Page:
4. Click on one of the button components on the right hand side and add "Tap to scan" in the text bar. Users will tap this button to open up the camera component. In the two text components, you will add the name of the plant and the description of the plant.

5. For easier identification of the components, you can rename them. This is useful when you have two of the same components, such as texts in this example. Being able to identify between each is crucial for working in the Blocks section later.

6. Use the picture of phone screen that is included above to see how we modeled our interface, or get creative with it.

7. Copy the blocks pictured below. Feel free to use the search bar on the left side of the screen to find the blocks you are looking for.

8. Remember, this software is not designed for iPhones, but it can be used with Androids. In order to test your app, you can download an emulator software or use a Kindle Fire or Android device.

"Connect" --> AI Companion or Emulator


List Component

  • You will have three lists: Plant labels, Plant pictures, and Plant descriptions.
  • Remember that the order of the lists corresponds to the order of the slideshow. Each picture and description that correspond should be in the same order in their list.
  • Ensure that the name of the image is spelled exactly as it is listed in the design section.
  • With these lists set up, the app will be able to locate the images and descriptions for each slideshow.

Clock Component

  • The purpose of the clock component is to command each slide of the plant "powerpoint" to transition after the same amount of time. This time can be adjusted in the Design section when you click on the clock component in the right hand side. Remember it is measured in milliseconds.
  • The global index ensures the component is the same for all QR code plant slides. It will transition between all slides and then discontinue at the end.
  • The image, description text, and text to speech sections ensure that the proper image and text are displayed together, and that the text is read aloud.
  • At this time, your app is now able to show its users a slideshow that speaks to them about the plants they are growing.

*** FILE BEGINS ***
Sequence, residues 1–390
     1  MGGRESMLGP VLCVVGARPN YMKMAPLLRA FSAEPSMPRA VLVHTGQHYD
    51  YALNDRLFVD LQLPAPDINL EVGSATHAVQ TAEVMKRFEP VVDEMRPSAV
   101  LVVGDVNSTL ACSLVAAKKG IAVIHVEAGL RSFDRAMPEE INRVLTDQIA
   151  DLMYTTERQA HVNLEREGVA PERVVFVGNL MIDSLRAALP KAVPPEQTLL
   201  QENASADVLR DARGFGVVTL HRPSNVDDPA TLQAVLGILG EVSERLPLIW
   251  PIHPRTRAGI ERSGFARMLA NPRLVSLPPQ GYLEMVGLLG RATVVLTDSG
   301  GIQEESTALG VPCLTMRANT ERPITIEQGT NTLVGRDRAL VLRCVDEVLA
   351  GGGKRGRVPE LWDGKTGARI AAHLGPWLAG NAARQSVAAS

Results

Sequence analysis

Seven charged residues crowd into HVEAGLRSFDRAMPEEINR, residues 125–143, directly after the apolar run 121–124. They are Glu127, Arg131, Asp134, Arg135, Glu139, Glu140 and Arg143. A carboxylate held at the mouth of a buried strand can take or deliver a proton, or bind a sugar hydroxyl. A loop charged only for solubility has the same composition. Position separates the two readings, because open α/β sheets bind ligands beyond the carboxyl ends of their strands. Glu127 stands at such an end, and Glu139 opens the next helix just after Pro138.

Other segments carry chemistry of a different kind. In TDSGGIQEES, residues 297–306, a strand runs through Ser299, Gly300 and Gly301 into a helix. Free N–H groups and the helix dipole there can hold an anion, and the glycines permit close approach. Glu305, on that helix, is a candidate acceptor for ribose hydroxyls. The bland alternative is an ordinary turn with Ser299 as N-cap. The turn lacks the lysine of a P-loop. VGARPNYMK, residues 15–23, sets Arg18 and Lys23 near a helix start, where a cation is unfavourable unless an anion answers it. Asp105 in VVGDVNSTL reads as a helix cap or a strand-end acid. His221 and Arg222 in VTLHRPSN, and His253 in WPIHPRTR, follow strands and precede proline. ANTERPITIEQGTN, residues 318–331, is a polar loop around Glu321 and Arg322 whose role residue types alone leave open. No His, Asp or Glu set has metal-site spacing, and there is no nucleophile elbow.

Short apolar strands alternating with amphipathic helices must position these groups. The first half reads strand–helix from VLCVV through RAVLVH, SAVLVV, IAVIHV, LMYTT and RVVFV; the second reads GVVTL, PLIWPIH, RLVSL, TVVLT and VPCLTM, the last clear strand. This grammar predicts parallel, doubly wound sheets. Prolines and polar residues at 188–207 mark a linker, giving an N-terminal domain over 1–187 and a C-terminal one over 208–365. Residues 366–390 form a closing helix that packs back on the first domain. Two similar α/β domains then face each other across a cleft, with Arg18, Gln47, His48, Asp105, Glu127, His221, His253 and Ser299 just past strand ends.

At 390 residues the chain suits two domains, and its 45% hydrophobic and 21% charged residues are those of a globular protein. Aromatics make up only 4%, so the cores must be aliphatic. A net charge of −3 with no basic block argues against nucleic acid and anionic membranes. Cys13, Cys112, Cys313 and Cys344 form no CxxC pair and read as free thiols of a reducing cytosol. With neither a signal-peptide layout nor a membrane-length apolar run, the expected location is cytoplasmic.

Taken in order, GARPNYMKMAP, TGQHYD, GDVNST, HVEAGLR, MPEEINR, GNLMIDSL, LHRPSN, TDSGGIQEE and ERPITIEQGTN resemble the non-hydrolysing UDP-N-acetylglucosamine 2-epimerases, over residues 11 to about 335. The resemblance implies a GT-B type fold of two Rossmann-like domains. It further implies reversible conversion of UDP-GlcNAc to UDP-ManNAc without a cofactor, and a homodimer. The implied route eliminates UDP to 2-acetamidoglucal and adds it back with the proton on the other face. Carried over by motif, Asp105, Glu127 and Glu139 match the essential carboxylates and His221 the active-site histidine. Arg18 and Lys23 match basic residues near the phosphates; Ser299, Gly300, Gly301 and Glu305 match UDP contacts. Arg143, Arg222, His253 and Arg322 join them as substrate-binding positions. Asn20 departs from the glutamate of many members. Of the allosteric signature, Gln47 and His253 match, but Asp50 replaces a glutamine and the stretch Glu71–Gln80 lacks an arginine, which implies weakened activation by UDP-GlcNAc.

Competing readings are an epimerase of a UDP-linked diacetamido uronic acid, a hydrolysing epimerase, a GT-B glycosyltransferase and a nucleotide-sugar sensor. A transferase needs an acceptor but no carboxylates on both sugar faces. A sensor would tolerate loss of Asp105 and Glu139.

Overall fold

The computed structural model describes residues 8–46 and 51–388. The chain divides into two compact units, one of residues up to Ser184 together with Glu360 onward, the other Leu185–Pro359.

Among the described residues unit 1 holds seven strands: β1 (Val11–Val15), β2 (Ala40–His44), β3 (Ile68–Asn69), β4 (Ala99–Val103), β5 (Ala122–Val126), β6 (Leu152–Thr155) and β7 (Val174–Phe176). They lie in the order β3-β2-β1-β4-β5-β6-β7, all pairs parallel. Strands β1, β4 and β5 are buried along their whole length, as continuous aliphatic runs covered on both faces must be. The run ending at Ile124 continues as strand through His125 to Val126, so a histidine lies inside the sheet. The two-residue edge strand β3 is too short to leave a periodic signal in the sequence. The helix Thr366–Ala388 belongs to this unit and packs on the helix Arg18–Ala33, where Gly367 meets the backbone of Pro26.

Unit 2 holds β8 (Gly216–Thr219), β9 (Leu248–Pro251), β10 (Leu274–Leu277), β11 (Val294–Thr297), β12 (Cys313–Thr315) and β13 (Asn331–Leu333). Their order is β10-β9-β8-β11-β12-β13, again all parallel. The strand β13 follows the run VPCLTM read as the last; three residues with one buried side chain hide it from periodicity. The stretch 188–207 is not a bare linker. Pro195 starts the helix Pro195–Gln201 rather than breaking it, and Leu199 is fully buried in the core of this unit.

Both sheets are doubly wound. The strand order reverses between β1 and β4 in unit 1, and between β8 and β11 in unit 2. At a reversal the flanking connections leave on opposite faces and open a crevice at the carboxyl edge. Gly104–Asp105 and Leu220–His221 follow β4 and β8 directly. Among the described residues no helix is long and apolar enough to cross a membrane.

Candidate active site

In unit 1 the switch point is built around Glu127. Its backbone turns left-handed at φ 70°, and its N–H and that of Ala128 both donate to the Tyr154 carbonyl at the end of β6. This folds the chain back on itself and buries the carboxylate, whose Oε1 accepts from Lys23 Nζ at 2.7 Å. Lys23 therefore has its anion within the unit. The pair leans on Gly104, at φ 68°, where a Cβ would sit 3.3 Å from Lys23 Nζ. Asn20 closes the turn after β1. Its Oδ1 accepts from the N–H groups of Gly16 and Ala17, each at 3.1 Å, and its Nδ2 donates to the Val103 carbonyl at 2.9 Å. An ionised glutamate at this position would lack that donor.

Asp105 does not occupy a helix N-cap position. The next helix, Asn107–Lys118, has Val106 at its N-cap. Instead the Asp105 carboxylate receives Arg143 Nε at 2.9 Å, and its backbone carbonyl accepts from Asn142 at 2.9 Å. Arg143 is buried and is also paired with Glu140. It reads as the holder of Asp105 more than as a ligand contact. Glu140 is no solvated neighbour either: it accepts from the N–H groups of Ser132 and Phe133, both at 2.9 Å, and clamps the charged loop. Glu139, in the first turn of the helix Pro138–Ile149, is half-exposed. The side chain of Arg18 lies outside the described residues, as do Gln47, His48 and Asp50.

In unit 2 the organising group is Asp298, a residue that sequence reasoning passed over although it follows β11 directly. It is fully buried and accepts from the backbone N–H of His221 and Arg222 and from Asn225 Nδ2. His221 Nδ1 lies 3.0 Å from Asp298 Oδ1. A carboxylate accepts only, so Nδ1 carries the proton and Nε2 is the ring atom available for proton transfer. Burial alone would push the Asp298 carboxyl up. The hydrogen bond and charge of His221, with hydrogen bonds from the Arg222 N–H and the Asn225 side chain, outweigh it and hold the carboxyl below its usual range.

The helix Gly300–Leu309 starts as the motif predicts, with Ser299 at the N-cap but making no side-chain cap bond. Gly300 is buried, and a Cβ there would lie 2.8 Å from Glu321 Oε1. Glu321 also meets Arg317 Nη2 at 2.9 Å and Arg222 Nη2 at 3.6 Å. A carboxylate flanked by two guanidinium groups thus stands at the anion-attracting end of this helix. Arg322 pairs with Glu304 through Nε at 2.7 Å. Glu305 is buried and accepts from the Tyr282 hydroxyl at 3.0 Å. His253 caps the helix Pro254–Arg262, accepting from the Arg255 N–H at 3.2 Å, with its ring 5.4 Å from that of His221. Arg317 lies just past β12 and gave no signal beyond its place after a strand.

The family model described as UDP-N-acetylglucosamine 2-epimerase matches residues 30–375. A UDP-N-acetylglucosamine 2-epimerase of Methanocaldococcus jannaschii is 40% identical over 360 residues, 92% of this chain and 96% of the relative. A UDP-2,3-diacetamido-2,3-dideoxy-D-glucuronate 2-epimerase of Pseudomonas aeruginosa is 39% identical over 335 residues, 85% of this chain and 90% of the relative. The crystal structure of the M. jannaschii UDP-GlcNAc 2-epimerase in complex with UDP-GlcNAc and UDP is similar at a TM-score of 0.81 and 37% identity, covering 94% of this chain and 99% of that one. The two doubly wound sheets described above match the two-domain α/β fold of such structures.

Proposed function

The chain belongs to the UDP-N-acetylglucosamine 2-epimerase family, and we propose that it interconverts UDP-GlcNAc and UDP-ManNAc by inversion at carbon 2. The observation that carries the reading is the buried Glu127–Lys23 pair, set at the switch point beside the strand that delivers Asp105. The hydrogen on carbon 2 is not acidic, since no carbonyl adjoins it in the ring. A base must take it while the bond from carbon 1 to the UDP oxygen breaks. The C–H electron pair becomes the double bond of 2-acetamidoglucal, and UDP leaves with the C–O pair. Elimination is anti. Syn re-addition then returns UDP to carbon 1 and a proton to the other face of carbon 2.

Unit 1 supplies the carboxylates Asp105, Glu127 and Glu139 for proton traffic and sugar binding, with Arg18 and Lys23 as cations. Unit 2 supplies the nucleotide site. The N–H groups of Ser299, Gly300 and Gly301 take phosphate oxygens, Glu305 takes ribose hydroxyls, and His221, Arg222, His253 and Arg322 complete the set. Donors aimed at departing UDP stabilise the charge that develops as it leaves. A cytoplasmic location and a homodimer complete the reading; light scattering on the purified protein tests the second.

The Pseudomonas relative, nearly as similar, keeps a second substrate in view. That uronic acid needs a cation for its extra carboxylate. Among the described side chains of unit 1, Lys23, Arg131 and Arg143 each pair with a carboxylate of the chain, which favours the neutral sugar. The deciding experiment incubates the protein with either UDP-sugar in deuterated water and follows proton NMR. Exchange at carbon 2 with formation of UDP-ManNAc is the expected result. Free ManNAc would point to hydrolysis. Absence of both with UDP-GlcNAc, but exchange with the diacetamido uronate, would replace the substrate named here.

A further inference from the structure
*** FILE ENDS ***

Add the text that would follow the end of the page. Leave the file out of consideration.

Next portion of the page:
Screen Initialize

  • This section determines how the screen appears to the user when the app is opened.
  • It will automatically welcome the user to the app and tell them what to do. This is designed for individuals with cognitive impairments.
  • You can choose what the text to speech component says at this time. We chose to welcome the user to C.O.D.E Green gardening app and instructed them to press the scan button and hold the camera over the QR code to learn about each plant.

Barcode Scanner

  • This component allows the camera component to pick up the QR code and begin the corresponding slideshow.
  • It will activate the clock component, image, description, and text to speech.
  • IMPORTANT: to use this app, the user also has to download another barcode scanner app. There are many options in the App Store that are free. Be sure to test it out with the app first. If you are running into issues, but are sure that the blocks are all correct, then try another barcode scanner. Some can be touchier than others.

Step 3: Building the Moisture Sensor

To get started on the moisture sensor component of this project, download the Arduino software on your computer.

  1. Open up Arduino and delete the preset code.
  2. Copy and paste the code below to program
  3. Feel free to adjust the NUMBERS, if needed, according to how much water the plants need. Remember that these numbers represent when the screen will notify you to water or not to water your plants.
  4. "Verify" the code to check that it is ready to be transferred.
  5. Connect your SparkFun Redboard and breadboard to your computer.
  6. Run the program from your computer with the SparkFun attachments. The software will automatically load the program into your SparkFun so that it will still run without being connected to a computer.